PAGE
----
Moral Injunctions : Not For Murder Or Steal

989 WordsOct 12, 20144 Pages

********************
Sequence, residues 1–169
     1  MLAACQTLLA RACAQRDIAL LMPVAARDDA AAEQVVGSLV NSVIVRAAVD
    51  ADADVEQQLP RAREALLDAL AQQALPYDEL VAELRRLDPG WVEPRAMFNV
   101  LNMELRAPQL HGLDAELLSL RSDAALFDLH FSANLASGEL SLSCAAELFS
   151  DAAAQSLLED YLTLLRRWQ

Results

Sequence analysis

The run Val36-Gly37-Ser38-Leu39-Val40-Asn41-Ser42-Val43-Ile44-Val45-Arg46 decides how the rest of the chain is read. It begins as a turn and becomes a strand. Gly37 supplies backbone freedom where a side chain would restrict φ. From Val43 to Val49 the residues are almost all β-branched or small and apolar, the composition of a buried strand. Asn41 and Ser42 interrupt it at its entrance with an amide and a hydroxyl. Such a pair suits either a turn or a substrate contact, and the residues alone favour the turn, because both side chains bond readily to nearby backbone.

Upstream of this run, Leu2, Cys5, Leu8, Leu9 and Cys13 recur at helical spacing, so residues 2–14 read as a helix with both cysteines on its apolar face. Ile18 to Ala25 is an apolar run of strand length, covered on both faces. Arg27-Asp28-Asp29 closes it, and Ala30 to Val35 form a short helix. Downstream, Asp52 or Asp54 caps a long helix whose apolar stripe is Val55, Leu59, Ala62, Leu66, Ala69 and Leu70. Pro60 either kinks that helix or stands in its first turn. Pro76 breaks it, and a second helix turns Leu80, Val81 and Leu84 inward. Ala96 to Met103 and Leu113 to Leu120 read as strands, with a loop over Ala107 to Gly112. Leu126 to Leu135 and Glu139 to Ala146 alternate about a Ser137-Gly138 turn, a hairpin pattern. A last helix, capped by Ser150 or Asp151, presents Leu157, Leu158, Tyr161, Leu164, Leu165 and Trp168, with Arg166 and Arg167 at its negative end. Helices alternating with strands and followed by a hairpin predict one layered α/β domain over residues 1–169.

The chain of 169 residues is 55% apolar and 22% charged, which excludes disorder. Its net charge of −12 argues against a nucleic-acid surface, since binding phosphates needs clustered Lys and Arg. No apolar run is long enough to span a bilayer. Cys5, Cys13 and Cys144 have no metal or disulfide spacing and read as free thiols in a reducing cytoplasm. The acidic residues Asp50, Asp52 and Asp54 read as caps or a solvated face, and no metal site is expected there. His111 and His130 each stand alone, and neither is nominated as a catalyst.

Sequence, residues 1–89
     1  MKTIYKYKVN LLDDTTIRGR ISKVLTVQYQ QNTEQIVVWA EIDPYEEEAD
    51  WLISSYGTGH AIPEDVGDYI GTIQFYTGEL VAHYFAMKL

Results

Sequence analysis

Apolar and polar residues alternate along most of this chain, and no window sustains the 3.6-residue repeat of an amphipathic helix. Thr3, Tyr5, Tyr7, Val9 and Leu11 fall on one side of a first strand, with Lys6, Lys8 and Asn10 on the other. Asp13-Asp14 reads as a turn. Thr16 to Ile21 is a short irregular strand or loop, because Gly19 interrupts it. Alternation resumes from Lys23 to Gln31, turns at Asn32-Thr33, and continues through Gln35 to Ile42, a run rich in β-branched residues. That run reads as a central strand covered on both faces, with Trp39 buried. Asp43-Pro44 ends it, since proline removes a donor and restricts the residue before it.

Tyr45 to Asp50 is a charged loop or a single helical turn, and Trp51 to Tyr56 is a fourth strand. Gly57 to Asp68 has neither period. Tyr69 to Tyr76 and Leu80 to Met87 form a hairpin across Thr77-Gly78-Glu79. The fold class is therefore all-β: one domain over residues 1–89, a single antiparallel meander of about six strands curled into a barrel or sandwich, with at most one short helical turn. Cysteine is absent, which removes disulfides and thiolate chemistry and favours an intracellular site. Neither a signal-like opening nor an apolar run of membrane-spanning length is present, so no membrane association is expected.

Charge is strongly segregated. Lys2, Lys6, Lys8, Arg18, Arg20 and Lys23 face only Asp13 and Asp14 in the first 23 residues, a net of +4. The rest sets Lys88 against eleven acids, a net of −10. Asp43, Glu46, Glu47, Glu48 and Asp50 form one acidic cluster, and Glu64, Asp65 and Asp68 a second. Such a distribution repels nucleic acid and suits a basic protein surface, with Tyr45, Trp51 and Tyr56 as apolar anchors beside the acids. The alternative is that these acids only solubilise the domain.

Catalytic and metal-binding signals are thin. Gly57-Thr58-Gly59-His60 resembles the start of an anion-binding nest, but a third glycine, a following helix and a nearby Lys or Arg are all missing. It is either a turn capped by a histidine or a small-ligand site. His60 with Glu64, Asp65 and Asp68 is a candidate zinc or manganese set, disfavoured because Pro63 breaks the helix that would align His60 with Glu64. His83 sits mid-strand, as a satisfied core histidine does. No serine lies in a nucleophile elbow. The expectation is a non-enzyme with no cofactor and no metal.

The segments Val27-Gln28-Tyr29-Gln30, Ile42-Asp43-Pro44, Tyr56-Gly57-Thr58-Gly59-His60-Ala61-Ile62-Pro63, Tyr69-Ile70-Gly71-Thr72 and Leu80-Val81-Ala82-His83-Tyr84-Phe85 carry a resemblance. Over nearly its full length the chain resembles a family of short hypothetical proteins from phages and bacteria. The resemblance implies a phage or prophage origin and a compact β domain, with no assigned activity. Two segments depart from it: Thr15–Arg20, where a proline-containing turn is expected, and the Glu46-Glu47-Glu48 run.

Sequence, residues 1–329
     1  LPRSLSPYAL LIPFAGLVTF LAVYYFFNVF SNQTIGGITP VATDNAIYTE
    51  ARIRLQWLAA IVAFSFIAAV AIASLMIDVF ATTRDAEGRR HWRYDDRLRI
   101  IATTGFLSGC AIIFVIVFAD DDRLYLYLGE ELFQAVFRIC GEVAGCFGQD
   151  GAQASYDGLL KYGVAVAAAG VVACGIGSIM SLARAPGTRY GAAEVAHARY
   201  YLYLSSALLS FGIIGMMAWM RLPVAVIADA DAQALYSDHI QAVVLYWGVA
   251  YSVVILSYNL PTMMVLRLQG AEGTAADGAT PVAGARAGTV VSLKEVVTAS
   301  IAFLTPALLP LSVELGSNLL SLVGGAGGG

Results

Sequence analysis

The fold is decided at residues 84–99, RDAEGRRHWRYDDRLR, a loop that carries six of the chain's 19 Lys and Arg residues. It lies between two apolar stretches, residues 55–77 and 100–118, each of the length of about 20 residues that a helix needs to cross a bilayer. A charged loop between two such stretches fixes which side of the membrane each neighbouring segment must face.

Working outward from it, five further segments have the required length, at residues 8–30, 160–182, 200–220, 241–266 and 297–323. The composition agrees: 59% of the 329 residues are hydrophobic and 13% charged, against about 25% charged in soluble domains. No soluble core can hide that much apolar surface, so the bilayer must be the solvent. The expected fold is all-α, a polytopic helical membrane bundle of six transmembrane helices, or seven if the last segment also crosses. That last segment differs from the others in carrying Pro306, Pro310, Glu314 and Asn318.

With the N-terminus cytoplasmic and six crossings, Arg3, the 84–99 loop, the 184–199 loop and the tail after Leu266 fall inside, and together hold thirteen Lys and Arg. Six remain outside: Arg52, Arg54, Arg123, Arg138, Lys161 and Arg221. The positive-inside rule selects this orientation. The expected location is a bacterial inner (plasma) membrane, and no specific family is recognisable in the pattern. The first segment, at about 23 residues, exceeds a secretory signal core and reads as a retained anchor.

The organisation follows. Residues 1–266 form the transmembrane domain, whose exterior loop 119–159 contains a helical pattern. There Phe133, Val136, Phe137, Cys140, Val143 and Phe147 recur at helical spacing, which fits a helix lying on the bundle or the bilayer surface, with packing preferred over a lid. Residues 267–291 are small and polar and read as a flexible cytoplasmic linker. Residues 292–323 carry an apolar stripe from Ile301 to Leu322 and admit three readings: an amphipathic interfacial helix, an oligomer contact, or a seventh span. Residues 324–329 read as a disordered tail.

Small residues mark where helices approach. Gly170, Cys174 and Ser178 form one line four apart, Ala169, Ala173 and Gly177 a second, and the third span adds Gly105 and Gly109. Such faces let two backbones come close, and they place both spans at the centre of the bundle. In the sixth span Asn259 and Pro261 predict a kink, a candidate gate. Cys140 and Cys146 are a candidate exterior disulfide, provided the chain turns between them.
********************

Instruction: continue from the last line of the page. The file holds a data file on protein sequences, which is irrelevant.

Religion has always been bound up with questions of justice and injustice. Across traditions, ethical injunctions – not to murder or steal, for example – are not simply directed at individuals, but also at a larger social and political community. Within religious traditions, the just and unjust is usually and ultimately for a single God or gods to determine; however, from their origins, those traditions have typically inflected the concept of justice within the context of the family, clan, tribe, or city. With the rise of the nation state, the context of the problem shifted, but many core principles remain valid. As states and societies become more integrated through globalization, questions of justice take on a more transitional dimension. Issues of genocide, ethnic cleansing, corruption, and the oppression of women and minorities challenge religious communities to rework – and reapply – established ethical principles in a new global context. Genocide is the deliberate killing of a large group of people, especially those of a particular ethnic group or nation. The most common, (one of the most common) yet the most horrifying, displays of social injustices upon religions are genocides. During the 20th century, there have been many mass murders of people groups. Most were motivated to a significant degree by religious beliefs. A genocide that had a global effect was Adolf Hitler and the Nazi’s organized extermination of about 11 million people including 6 million

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